What Every Violinist Needs To Know About The Body
Any comments about this book by Jennifer Johnson? It seems like it would be a good book to read, given that my prior injuries and arthritis, and probably good for any adult beginner/returnee. Just wondering if it is actually helpful. There are quite a few books out there for other disciplines with similar claims that aren't worth the paper on which they are printed.
I don't have this particular book but I do have "What Every Musician Needs to Know About the Body:The Application of Body Mapping" by Barbara Conable which is a great book based on the Alexander Technique.
This book also seems to be about body mapping, something with which I'm unfamiliar. I'm leaning toward purchasing it. It isn't available from many sources...
On further research I've decided to get it, but there are not many places left who carry it. Used copies are trending with a higher cost than new, even though the publisher seems to indicate that it is still in print. Shar told me they have canceled this book, and suggested a sooner then later purchase.
When I think of "body mapping" I think of those diagrams that show you what cuts of beef come from the different parts of a steer. Ribeye, flank, etc.
I know, right? :-)
I’m enjoying it. If you are open my first teacher developed severe nerve damage and could barley play. She was Introduced to the mark wood viper electric violins which supports itself though a strap and chest support system. She now has a full teaching schedule and not only is pain free but she is healing. I would recommend you look into it it’s not ideal but it could keep your violin playing and body healthy.
It's great your teacher found something that worked for her! Thankfully I dont have nerve damage that interferes - just an understanding that I need perfect posture to prevent further damage. My arthritis will what it will do and educating myself is part of playing smart.
I can recommend 2 books:
I've been curious about Julie Lyonn Lieberman's book
Rocky - thanks for your comments and suggestions. I do warm up/stretch befor, and warmup with my violin but haven't considered doing it afterwards. I automatically do that for other things, just haven't done that...until now.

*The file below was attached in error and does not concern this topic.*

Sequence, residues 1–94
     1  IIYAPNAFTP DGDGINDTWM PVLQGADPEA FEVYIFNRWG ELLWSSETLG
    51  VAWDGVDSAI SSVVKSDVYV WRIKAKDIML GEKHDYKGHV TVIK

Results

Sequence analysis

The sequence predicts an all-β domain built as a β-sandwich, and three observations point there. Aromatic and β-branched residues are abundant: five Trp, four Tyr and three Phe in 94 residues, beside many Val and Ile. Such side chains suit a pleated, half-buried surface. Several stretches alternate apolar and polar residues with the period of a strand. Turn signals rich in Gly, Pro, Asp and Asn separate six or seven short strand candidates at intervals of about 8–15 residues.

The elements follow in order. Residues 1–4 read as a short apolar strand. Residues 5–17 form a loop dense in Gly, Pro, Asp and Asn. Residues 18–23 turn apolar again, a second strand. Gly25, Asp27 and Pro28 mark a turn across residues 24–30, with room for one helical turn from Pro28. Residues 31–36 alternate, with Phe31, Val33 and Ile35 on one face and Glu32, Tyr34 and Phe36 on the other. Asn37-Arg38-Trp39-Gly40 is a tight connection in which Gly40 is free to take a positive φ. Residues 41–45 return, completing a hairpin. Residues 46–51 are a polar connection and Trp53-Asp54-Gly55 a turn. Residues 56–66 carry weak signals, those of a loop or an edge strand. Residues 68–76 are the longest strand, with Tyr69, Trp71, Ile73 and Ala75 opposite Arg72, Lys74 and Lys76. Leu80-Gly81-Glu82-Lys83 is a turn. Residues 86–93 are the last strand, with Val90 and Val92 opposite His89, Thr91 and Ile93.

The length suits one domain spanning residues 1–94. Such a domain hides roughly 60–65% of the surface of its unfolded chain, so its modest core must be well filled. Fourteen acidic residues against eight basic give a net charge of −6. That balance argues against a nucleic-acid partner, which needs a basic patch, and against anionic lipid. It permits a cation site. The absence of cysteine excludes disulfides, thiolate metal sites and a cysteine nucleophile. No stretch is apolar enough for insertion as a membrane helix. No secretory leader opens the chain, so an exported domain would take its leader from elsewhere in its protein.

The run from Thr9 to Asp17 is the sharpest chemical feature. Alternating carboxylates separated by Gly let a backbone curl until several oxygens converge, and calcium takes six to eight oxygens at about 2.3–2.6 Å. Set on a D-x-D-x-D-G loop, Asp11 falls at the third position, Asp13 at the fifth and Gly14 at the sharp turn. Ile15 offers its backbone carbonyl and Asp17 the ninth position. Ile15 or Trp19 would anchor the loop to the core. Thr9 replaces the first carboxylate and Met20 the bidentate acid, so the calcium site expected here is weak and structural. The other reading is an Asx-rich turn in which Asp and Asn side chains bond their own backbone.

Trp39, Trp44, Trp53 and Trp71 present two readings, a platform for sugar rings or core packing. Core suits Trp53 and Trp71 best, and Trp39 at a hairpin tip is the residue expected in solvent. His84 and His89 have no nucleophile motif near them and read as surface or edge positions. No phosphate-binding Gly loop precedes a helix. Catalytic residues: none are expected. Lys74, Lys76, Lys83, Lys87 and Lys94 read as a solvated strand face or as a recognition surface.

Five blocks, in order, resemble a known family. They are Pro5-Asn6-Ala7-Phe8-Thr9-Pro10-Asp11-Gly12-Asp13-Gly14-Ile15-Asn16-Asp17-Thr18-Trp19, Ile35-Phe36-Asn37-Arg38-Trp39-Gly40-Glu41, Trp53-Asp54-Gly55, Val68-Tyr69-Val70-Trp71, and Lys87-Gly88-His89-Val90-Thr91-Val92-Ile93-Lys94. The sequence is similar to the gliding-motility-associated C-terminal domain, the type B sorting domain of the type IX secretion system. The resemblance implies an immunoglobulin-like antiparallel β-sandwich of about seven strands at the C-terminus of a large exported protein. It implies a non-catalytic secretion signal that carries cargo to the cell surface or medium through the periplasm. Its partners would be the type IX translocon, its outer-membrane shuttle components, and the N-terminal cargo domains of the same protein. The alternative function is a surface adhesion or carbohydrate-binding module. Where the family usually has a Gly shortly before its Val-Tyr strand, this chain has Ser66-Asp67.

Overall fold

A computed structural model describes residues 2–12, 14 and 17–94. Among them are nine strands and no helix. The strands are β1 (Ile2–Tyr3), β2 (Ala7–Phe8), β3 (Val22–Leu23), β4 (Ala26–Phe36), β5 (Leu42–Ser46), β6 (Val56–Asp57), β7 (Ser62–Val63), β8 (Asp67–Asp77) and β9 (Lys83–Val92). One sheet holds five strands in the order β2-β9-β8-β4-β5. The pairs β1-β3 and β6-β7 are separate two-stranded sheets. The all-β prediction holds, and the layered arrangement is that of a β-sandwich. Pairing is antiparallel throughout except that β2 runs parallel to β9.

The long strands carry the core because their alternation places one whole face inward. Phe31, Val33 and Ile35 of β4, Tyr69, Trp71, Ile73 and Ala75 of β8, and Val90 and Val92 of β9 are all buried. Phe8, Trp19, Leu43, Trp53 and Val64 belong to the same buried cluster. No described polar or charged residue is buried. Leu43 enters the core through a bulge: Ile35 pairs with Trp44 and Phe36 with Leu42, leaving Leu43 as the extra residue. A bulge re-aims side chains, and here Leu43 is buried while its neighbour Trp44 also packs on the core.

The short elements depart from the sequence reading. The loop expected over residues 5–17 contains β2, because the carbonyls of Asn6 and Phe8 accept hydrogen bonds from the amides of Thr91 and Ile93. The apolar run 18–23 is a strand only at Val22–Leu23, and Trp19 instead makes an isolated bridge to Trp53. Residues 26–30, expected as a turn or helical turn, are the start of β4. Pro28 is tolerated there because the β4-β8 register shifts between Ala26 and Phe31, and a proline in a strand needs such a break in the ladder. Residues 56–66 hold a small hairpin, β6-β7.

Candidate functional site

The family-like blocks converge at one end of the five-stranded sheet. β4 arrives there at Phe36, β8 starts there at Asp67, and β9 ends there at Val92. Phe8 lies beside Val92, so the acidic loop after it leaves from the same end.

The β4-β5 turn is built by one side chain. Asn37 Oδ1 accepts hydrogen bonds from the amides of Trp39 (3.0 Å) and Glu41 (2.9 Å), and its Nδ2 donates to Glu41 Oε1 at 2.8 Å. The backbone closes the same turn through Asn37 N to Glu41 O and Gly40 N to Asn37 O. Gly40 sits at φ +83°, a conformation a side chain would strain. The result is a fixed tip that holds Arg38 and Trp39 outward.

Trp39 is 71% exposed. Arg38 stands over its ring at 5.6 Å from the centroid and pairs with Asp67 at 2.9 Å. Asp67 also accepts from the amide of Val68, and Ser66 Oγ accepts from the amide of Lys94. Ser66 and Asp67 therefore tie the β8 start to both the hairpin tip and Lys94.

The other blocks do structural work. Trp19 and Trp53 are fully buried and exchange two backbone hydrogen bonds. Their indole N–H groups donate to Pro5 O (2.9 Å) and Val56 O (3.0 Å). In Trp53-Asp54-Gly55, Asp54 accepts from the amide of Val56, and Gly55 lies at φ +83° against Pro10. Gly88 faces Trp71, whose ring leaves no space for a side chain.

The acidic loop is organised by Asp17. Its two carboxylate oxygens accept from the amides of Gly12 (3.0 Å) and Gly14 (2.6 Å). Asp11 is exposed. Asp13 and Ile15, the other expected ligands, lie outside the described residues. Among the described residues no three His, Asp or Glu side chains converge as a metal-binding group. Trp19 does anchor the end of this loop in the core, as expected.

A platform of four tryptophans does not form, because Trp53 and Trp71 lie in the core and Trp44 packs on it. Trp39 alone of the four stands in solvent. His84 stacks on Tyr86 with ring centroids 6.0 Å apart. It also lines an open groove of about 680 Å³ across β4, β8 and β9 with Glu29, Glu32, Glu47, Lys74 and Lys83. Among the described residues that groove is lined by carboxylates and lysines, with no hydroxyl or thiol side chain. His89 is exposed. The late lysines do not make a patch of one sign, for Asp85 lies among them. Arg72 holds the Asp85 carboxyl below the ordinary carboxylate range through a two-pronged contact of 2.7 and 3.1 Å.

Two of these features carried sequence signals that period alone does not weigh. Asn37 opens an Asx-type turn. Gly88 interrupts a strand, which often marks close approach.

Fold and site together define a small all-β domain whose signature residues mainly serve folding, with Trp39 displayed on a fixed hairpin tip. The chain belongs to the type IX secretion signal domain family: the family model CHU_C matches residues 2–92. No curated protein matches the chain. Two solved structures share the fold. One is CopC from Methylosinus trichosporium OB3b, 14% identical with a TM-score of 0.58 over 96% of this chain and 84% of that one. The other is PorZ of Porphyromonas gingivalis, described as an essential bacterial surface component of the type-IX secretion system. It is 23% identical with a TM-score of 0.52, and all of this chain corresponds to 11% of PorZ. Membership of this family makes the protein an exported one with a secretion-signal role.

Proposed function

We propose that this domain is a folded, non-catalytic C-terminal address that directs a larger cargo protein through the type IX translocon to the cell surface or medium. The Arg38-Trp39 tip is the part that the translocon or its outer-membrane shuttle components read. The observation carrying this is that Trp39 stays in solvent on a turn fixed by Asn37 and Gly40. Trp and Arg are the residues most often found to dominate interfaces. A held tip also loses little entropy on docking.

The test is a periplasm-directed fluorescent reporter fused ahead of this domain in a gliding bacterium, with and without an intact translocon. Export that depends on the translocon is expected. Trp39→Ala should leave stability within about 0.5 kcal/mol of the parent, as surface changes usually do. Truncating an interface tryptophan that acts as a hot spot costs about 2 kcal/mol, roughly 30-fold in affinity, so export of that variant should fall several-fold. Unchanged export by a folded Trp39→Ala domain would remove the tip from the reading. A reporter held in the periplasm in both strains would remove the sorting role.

Dawson - I didn't see your post when I responded to Rocky, very interesting! I am trying to not collect a large number of books that wind up not getting read properly, but I will certainly have her on my list. The Johnson book should arrive today so I can get started with that.
From seeing who does Alexander Method over the years, I have to ask:
Although I'm not familiar with the other methodologies you mentioned, I do know that Alexander teachers have to spend 3+ years studying and taking classes for their license.
But are they recognized as legitimate practitioners outside of the Alexander world view?
I feel the same basic way of the methods you speak of, outside of the Alexander method as I know nothing about it. It took a Pilates-related injury to change my approach with some of these methods.
"Our Violins, Our Selves."
Catherine--I have the book and have read it (along with a companion DVD). I was asked to read it when I was really struggling with some injuries and took a few lessons from a teacher who was getting certified in bodymapping. I think it is somewhat helpful, especially if (like me) you did not have careful instruction on proper physical technique when learning to play. I think it would be much more helpful if supplemented by an in-person instructor who can help you apply some of the concepts, otherwise you may feel like you are just reading an anatomy book. I also found reading Galamian's principles of violin playing and Simon Fischer's the violin lesson critical in terms of getting my playing technique more correct.
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